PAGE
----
Our Prime Minister didn't get much right when it came to the pandemic. With 4,047,843 cases and more than 117,000 deaths to date we are in a pretty sorry state. Although the lockdown is bringing the R rate down it's going to to be a while before restrictions are lifted and schools can get back to normal.
But one thing Boris did get right was taking a risk on buying in vaccines before they were actually available for use. He had no idea whether they would work but we are now way ahead of other countries with vaccinating the most at risk people with around 17 million of us (including myself) having had our first dose.
Despite the false rumours circulating on social media from anti vaxxers, the majority of British people have opted to take the vaccination as they see it as a way out of this crisis and so far so good. Although it's natural to be concerned about a vaccine that was formulated so quickly they, like myself, are putting their trust in the scientists rather than listen to the conspiracy theories.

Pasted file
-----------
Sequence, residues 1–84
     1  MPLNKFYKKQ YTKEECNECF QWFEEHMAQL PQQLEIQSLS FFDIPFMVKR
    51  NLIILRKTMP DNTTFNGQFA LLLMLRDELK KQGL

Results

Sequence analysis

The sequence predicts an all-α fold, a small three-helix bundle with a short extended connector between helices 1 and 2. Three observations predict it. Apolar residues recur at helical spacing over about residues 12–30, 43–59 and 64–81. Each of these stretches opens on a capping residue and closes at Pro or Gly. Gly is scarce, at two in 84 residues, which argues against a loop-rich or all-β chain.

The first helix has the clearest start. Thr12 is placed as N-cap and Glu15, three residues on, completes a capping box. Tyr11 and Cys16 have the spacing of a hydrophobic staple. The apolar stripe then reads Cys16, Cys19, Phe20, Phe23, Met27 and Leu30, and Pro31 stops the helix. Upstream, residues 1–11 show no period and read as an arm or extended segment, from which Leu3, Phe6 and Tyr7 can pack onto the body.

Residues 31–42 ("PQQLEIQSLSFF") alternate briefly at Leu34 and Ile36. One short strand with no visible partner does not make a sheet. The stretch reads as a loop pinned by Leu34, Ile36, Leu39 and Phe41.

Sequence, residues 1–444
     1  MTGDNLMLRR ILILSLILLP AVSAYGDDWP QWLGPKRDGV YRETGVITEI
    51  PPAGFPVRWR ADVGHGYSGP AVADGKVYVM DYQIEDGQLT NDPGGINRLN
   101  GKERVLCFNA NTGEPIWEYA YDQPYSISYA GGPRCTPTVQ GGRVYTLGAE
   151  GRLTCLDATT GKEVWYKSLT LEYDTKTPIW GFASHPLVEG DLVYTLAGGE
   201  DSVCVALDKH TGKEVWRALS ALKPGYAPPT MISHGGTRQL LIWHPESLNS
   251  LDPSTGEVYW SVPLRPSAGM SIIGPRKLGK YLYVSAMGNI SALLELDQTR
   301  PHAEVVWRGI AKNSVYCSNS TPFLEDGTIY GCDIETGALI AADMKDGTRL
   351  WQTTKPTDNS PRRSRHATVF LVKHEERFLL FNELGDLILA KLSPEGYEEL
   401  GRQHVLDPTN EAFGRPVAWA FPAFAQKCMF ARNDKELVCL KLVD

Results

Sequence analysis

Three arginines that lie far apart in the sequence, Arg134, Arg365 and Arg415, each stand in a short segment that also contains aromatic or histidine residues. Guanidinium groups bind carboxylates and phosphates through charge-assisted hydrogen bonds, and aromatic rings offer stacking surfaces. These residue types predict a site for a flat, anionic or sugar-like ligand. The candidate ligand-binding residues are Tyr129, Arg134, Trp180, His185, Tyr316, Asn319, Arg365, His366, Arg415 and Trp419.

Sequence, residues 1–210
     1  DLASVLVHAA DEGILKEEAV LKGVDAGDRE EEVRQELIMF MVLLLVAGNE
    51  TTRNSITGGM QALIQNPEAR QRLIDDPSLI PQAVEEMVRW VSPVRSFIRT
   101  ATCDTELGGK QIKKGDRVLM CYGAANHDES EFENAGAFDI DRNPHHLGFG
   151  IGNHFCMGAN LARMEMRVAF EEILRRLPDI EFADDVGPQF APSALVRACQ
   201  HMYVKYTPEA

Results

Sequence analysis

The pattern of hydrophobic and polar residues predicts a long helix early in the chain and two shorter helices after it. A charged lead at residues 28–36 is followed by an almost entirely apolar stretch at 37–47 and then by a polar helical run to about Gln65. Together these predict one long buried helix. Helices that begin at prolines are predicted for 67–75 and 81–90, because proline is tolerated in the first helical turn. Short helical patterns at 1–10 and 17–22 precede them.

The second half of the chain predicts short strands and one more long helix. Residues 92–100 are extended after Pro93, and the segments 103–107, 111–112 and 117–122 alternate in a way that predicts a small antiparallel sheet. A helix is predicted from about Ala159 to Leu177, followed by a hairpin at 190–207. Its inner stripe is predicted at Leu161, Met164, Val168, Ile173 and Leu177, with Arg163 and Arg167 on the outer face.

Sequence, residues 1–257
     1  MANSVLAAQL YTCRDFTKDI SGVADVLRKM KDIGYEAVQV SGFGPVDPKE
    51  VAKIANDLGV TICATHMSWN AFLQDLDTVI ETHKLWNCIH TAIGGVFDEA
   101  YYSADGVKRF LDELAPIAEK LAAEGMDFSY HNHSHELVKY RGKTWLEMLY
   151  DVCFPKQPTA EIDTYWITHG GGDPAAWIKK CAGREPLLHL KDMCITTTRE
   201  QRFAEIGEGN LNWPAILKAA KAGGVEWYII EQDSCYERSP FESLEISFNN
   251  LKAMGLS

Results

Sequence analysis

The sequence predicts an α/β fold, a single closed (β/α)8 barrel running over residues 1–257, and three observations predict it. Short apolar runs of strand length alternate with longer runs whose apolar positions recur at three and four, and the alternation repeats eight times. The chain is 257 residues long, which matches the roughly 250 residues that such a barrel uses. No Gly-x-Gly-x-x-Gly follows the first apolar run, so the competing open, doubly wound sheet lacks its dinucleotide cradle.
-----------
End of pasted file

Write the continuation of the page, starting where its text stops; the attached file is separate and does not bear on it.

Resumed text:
One thing I did find interesting was discovering there was a lot of opposition to the Smallpox vaccination back in 1853. People believed their bodies were being controlled. Smallpox was a vile, unsightly and usually fatal disease which has now been eradicated by vaccination.
So when everyone has been vaccinated can we go back to living a normal life? Apparently not, we will still be practising social distancing, wearing masks and handwashing just as we do now long after the autumn which is the target for vaccinating all British adults. Then there are trials running now into vaccinating children so we're still a way from going back to normality. We can only hope that this pandemic, despite leaving many bereaved families behind, will become a distant memory in a few years.